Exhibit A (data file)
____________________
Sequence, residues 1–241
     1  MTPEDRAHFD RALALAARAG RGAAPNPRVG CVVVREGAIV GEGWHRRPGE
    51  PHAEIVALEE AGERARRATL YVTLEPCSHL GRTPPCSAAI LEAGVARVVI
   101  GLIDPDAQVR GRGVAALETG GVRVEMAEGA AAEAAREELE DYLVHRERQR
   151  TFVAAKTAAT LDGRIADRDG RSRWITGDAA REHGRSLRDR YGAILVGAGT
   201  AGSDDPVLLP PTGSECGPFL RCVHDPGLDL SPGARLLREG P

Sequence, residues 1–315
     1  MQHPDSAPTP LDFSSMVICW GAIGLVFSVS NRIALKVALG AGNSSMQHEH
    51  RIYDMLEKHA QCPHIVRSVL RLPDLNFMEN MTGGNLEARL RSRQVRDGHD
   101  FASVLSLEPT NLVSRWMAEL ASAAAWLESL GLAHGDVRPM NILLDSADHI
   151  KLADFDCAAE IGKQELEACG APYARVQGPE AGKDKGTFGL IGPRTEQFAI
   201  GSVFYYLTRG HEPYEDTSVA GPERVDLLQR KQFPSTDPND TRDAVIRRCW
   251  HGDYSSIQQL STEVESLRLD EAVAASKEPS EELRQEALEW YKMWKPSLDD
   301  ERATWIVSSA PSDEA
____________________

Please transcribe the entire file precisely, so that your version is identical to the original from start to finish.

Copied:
Sequence, residues 1–241
     1  MTPEDRAHFD RALALAARAG RGAAPNPRVG CVVVREGAIV GEGWHRRPGE
    51  PHAEIVALEE AGERARRATL YVTLEPCSHL GRTPPCSAAI LEAGVARVVI
   101  GLIDPDAQVR GRGVAALETG GVRVEMAEGA AAEAAREELE DYLVHRERQR
   151  TFVAAKTAAT LDGRIADRDG RSRWITGDAA REHGRSLRDR YGAILVGAGT
   201  AGSDDPVLLP PTGSECGPFL RCVHDPGLDL SPGARLLREG P

Sequence, residues 1–315
     1  MQHPDSAPTP LDFSSMVICW GAIGLVFSVS NRIALKVALG AGNSSMQHEH
    51  RIYDMLEKHA QCPHIVRSVL RLPDLNFMEN MTGGNLEARL RSRQVRDGHD
   101  FASVLSLEPT NLVSRWMAEL ASAAAWLESL GLAHGDVRPM NILLDSADHI
   151  KLADFDCAAE IGKQELEACG APYARVQGPE AGKDKGTFGL IGPRTEQFAI
   201  GSVFYYLTRG HEPYEDTSVA GPERVDLLQR KQFPSTDPND TRDAVIRRCW
   251  HGDYSSIQQL STEVESLRLD EAVAASKEPS EELRQEALEW YKMWKPSLDD
   301  ERATWIVSSA PSDEA